WTF? This is another of the major misconceptions about JavaFX, that it is just a competitor for Flash or Silverlight. Well, JavaFX is not and never was just a competitor for these now declining technologies. It is an entirely different class of product and given that it is not reliant on being deployed to run inside a browser, HTML5 poses absolutely no threat to its future relevance (see here for a previous article of mine about this). JavaFX is not being “pushed to the background”; it is in fact growing and growing very rapidly. It is true however that both Flash and Silverlight are on the inevitable path to oblivion. Updating Flash on my Ubuntu machine this morning for example gave me a message to say that Flash 11.2 on Linux is the last version to be release by Adobe. I didn’t get any such messages about JavaFX when I upgraded to Java 8!
The article then quotes another “luminary” in Michael Cote of 451 Research who further discredits the message with the quote:
“I think the days of the RIA are long gone and have evolved into what we call mobile and tablets. HTML5, Android, and, of course, iOS handily won.”
This statement by itself would have perfectly acceptable had he not prefaced it with the declaration that he “sees JavaFX as a fading rich Internet application technology”. Given that I have already pointed-out that JavaFX apps on mobiles and tablets are true native apps for those platforms, the implied negative connotations of this statement regarding JavaFX can be disregarded completely.
Krill himself then trumps the stupidity of all the previous claims in the article with this doozy:
“Oracle has demonstrated JavaFX on Android and iOS, though the Java runtime itself is not permitted on iOS devices.”
The problems with this one are twofold. First, as explained, the Java runtime does not need to run on these devices for JavaFX apps to be deployed there. Secondly, there is actually no reason in 2014 why the Java runtime would not be permitted to run on iOS devices. The actual limitation is that Just-In-Time (JIT) compilation is not permitted on iOS which is a very important distinction.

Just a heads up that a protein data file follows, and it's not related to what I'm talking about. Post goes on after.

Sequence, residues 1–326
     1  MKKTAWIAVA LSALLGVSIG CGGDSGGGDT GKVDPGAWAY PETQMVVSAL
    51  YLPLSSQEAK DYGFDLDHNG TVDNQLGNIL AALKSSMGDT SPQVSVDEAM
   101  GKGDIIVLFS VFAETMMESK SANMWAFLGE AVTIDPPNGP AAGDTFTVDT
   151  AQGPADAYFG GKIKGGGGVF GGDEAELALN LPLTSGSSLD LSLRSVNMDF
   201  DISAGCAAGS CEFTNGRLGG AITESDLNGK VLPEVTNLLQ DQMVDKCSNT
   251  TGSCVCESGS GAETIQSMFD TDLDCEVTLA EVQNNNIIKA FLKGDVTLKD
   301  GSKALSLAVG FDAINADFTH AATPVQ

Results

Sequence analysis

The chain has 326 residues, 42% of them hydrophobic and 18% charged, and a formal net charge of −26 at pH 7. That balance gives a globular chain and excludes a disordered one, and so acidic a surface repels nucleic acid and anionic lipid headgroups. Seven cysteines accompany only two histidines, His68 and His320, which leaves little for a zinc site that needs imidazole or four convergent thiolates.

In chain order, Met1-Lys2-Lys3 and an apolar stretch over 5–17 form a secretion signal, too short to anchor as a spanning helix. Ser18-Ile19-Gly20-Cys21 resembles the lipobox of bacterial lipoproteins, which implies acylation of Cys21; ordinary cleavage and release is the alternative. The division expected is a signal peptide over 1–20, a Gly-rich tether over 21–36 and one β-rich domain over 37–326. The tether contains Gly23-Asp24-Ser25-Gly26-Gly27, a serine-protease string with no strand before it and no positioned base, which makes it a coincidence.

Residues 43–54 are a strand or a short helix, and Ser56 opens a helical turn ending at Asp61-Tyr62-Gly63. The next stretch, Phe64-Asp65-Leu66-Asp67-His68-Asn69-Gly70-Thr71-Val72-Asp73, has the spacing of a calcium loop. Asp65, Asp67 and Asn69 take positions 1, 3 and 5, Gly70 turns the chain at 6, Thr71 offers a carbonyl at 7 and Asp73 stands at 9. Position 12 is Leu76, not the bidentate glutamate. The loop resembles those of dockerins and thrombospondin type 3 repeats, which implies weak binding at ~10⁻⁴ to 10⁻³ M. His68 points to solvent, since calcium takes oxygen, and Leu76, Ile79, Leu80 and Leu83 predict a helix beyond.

As for the new features of JavaFX 8 itself, Oracle’s page does a good job of describing them as:
- The new Modena theme has been implemented in this release. For more information, see the blog at fxexperience.com.
- The new
SwingNodeclass enables developers to embed Swing content into JavaFX applications. See the
SwingNodejavadoc and Embedding Swing Content in JavaFX Applications.
- The new UI Controls include the
javafx.printpackage provides the public classes for the JavaFX Printing API. See the javadoc for more information.
- The 3D Graphics features now include 3D shapes, camera, lights, subscene, material, picking, and antialiasing. The new
PointLightsubclasses) , and
SceneAntialiasingAPI classes have been added to the JavaFX 3D Graphics library. The
CameraAPI class has also been updated in this release. See the corresponding class javadoc for
javafx.scene.SceneAntialiasing, and the Getting Started with JavaFX 3D Graphics document.
WebViewclass provides new features and improvements. Review Supported Features of HTML5 for more information about additional HTML5 features including Web Sockets, Web Workers, and Web Fonts.
- Enhanced text support including bi-directional text and complex text scripts such as Thai and Hindi in controls, and multi-line, multi-style text in text nodes.
- Support for Hi-DPI displays has been added in this release.
- The CSS Styleable* classes became public API. See the
javafx.cssjavadoc for more information.
- The new
ScheduledServiceclass allows to automatically restart the service.
- JavaFX is now available for ARM platforms. JDK for ARM includes the base, graphics and controls components of JavaFX.
As you can see, it is very clear that both Java 8 and JavaFX 8 are major releases and that to say JavaFX is either “too little, too late” or “declining” is patently false.
On the contrary, JavaFX is growing and growing rapidly and has the very real potential to become the best toolkit for developing GUI applications and apps on a vast array of platforms from desktops and embedded to mobiles and tablets.
Since JavaFX 2, JavaFX has always mattered and now with Java 8, JavaFX most definitely matters even more!
Just my 2 bits